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Real estate record and builders' guide: v. 41, no. 1057: June 16, 1888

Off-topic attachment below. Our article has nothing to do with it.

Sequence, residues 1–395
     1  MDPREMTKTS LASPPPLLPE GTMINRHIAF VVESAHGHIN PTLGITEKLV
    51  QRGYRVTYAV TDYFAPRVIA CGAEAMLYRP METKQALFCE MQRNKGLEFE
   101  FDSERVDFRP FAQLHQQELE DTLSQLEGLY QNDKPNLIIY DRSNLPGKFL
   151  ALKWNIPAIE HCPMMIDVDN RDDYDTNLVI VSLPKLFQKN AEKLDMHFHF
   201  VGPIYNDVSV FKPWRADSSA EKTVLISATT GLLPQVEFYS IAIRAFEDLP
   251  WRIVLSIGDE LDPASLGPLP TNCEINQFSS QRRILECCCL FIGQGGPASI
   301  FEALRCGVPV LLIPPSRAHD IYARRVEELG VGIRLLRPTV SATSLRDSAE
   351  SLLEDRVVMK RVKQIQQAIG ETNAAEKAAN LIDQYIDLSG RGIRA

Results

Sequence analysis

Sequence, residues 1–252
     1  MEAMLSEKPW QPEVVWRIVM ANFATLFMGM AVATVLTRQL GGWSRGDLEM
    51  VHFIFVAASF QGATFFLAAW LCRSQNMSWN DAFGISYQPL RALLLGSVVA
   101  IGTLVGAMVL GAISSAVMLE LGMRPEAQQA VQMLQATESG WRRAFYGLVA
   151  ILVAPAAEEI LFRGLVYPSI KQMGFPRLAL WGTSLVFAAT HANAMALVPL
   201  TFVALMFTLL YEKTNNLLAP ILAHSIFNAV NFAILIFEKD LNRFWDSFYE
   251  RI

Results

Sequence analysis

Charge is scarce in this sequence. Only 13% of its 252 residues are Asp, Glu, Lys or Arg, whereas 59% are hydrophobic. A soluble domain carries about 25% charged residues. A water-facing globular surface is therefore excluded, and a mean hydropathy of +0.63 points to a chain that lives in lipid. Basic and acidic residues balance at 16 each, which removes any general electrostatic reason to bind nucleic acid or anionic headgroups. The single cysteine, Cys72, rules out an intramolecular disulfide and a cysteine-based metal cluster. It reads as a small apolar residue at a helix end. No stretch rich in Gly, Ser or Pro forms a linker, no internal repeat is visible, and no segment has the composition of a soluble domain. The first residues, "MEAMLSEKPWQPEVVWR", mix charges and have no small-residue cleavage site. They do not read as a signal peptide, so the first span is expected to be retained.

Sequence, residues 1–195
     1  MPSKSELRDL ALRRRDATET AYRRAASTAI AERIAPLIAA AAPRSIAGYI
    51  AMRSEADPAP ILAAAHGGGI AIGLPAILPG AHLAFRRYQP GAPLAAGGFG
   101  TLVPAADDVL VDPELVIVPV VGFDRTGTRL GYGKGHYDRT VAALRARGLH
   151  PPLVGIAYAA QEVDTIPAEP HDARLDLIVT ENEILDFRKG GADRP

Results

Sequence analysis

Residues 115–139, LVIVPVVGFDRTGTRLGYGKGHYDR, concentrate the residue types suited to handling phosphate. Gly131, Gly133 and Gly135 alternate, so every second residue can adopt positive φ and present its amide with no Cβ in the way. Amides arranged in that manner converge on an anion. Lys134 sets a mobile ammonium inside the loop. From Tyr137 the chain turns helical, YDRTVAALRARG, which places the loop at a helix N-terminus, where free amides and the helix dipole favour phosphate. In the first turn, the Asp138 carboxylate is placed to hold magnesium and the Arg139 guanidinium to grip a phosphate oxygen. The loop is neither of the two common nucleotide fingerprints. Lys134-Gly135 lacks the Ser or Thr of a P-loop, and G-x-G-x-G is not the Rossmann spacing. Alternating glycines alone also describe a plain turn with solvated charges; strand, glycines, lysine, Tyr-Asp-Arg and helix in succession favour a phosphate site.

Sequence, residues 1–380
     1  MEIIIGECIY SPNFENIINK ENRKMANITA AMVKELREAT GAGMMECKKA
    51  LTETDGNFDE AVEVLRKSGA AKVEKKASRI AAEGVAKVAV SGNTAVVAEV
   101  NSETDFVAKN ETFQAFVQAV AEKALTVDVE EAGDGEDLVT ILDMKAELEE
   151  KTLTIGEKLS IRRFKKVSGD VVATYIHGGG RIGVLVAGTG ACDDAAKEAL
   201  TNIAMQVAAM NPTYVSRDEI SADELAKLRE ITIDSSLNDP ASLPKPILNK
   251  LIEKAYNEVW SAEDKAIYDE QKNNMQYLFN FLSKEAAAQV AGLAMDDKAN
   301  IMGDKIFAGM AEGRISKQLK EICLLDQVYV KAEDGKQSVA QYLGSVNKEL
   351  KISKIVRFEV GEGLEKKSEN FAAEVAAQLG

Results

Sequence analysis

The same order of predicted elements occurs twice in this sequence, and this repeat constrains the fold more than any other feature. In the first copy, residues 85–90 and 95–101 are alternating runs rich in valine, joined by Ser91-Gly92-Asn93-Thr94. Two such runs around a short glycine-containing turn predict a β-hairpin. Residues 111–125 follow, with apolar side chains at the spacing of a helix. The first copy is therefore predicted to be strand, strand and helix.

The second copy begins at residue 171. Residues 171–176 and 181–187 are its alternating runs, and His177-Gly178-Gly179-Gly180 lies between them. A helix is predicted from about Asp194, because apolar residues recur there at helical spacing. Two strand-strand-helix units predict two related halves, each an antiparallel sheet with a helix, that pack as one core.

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Jane 16, ISHS Record and Guide. 765 4?IL^ ISfifl e>- - ESTXBLlSHED-^MARCHSliJ^iasa. DEV^Tn) TO HE*,1- EsTME . BUILOIJ/C Afi.crilTECTUI^£ .HoUSElJOLD DEGORATIorJ. BUsit^ESs pMd Themes of Ge^eraL i;jT£i\EST PRICE, PER YEAR IN ADVANCE, SIX DOLLARS. Published ever~y Saturday. TELEPHONE, . . . JOHN 370. fiommimications should be addressed to C. W. SWEET, 191 Broadway. /. T. LINDSEY, Business Manager. Vol. XLI. JUNE 16, 1888. No. 1,057 The death of the Emperor Frederick will cause general regret throughout the civilized world, and there will be a feeling of appre¬ hension in the Cabinets of EurojDe until it is seen wbat course the new Emperor will pursue. Had the reign of the deceased Freder¬ ick been prolonged we would imdoubtedly bave seen an attempt made to naturalize parhamentary government in the German Em¬ ph-e, The Empress Victoria seemed to have a gi-eat deal of infiu¬ ence with her husband, and they both regarded with admiration the system of government which obtains in Great Britain. Yet it may be doubted whether in tbe long run the German, any more than the French people, would bave taken kindly to political meth¬ ods which would have lodged the power of the realm in the Na¬ tional Legislature, rather than in the hands of a monarch, or a min¬ ister responsible to him instead of to the Reichstag. The French are restless under the rule of Cabinets that cannot command a long lease of power. Germany has been habituated to a rule in which the reigning sovereign took the initiative, and it is barely possible that a government by parliamentary leaders would not suit Teutons trained in an entirely different school. Indeed, as a matter of fact, parliamentary government cannot be said to bave succeeded out¬ side of Great Britain, the United States and other English speakiug peoples. The Latin races are now testing it; but it does not seem as though the Germans would have any opportunit-\- under the Hohenzollern family now ruling the destiny of the Em[)ire. The coming week wiU be an exciting one, politically. The Repub¬ Ucan National Convention meets in Cliicago on Tuesday next, and may remain in session until the following Saturday. Sherman may lead on the first ballot; but New York, Indiana, New Jersey and Connecticut, all considered doubtful States, will have the naming of the candidate. It will be some one who is likely to carry two or three of tbese fom- States. He must be a protectionist, as a matter of course. He must not be objectionable to the Irish, uor can he afford to antagonize the powerful financial interests which centre around Wall street. Indeed, a great deal of money wQl be required by the Republican candidates, for in the absence of the Australian system of voting the " boys" who run the machines will make the most monstrous demands upon them, and they must be satisfied. We still think it looks hke Harrison, Alger or Sherman for the first place on the ticket, and Levi P. Morton of New York, or William Walter Phelps of New Jersey for Vice-President, stfil it may be a dark horse from this State, Wfifiam M. Evarts' name bas not been mentioned, but he would make a very respectable candidate. Baltimore has added 40,800 to the number of her citizens recently by taking in outlying suburbs.. ' Chicago, Philadelphia and Boston, indeed nearly aU the large cities of the world, are steadfiy extend¬ ing their boundaries by simfiar means. In the meanwhile New York only grows by the additions to her population on this island and in thc two wards beyond the Harlem. Yet tbe increasing popu¬ lation of Brooklyn and of Jersey, aa far west as New Brunswick and north to Morristown, reaUy is due to the commerce of tliis port. The great city that has grown up about New York Bay nmnbers over 3,000,000 of people, but they are unnaturally divided into a dozen or more distinct municipahties. It -would be easy to show that New York would in every way be better governed if all the meti'opolis was uuder one set of municipal officers. We ought to have a permanent association to keep up an agitation to bring this result about. During the administration of Rutherford B. Hayes, our annual Pension bifi amounted to about $30,000,000 per annum. Probably half of that great sum represented pure waste, but President Cleve¬ land has just signed au annual pension bill, which gets rid of $80,- 000,000 per annum. Of course tens of thousands of the beneficiaries under the Hayes administi-ation must have died, and yet the pension bfil has swofien from $30,000,000 to $80,000,000. Wbfie undoubtedly most of the veterans left deserve well of tiieir country, yet among the beneficiaries of the pension fist are all malingerers, skulkers, shirks and bounty jumpers. Of the $80,000,000 we do not believe that $30,000,000 finds its way into the pockets of really deserving soldiers or theh- widows, but is spent on people that never were in the army or were a diegrace^to it and the country. President Cleveland, of course, knows this is the case, and were he not a candidate for re-election he would have vetoed this infamous bill and have told the truth about it as well. He will, however, probably spend bis virtuous wrath upon the petty individual pension bifis, which Con¬ gress is daily passing by the score. He will also doubtless refuse to sanction the River and Harbor bifi which is so sorely needed in every part of the country. It will appropriate something like $30,000,000, while it ought to be at least $100,000,000. The press says nothing condemnatory of the Pension bill, but a perfect chorus of delighted shrieks will go up from Printing House square if he vetoed this bill, although it contained appropriations for this harbor that are almost indispensable though not one-half large enough. In public works we are far beliind other civihzed nations, whfie we are spending more in fraudulent pensions than it costs other countries to keep vast armies in the field. And then there is that monstrous ai-rears of pension bill ready to be voted for which will get rid of $400,000,000 more in addition to the neai-ly $900,000,000 that has been ah-eady paid out for pensions. But what a misfortune it is to have demogogues in Congress who tlunk they dare not dis¬ please the soldier vote, a cowardly press which is afraid to tell the truth, and a President who knowingly countenances a gigantic swindle because he is a candidate for re-election. As a correspondent pointed out last week the Mugwumps havi? not displayed any political sagacity during the present canvass. Had they shown real independence they might have been a most powerful factor in the current politics of the nation. But as it ia they are of no more account than the Labor party which voluntarily committed suicide. The latter with its 68,000 votes for Henry George in the city of New York and its 70,000 votes last faU in the State of New York was in a positiou to dictate terms, as it practi¬ cally held the balance of power in a pivotal State this faU, but its self-efac em ent is one of the most exti-aoi-dinary occu-rrences in our pofitical Ifistory. There does not seem to be what the French call " solidarity " among the working class nor pofitical sense on the part of their leaders. But some intelfigence was expected from the Mugwumps. Their leaders were old amateur pohticians, and their organs were edited by trained jom-nafists. The cue for them was to have to become Independents again when President Grover Cleveland sti-uck Ms Civfi Service flag to the politicians of his own party. They ought to iiave revolted when the White House letter apiieared, indorsing tiie candidacy of Colonel John R. Fellows. No one believes that George Wilfiam Curtis, George Jones, Horace White or E. L. Godkin with their friends are under any per¬ sonal obligation to Grover Cleveland, yet their coiu-se in condoning his backshding and committing themselves to his fortunes in advance is tnexpficable on any public grounds. How can they support the candidate of a party which in this State is opposed, not only to Civil Service Reform, but to Mgh license and the Australian election system, afi of which measm-es they profess to have so much at heart. Had they even wished to help Mr. Cleveland personally how mucb wiser it would have been to have assumed an independ¬ ent attitude and have demanded the nomination of Theodore Roosevelt, ex-Mayor Seth Low, or even of Judge Gresham, on a reform platform. They would have appealed to the young blood of the country as wefi as the reform sentiment. Then, if defeated, tbey could have rendered Mr. Cleveland an immense service by aceeptmg him as a choice of evils. But thev have shown no more practical capacity than Henry George, Father McGlynn, or the other maladroit leaders of the Labor party. The veto of the Election Reform bill by Gov. Hifi was no surprise to anyone who knew the powerful political influences brought to bear on that official. The Democrats in the last Legislature opposed the reform, although it was favored by the organized bodies of workmgmen who are uow prevented from having candidates in the fleld by the heavy cost of election expenses. Were it not a Presi¬ dential year their action on this matter and the Liquor License bill ought to lose the Democrats this Slate, but their excellent nomina¬ tions for President and Vice-President wifi doubtless induce thou¬ sands of independent and reform voters to overlook Democratic shortcomings "just once," There is, however, one real dfiliculty about the proposed new luothnd of voting. We have too many names on our tickets. In Australia, New Zealand and EnKlaud, where the reform method was first tried, there are but few names voted for, generally members ol Parliament, but the difficulty with our elections is the vast number of candidates for office for whom the voter ia asked to give his jjreference; but the scheme vetoed by the Governor will be revived and eventually enacted. In the mean¬ time its practicabifity will be tested by Massachusetts. In the coming election a great deal of money wfil be used in afi the doubtful States, but more especially in New York and Indiana. If the Democrats lose the election through the wholesale bribing of voters they may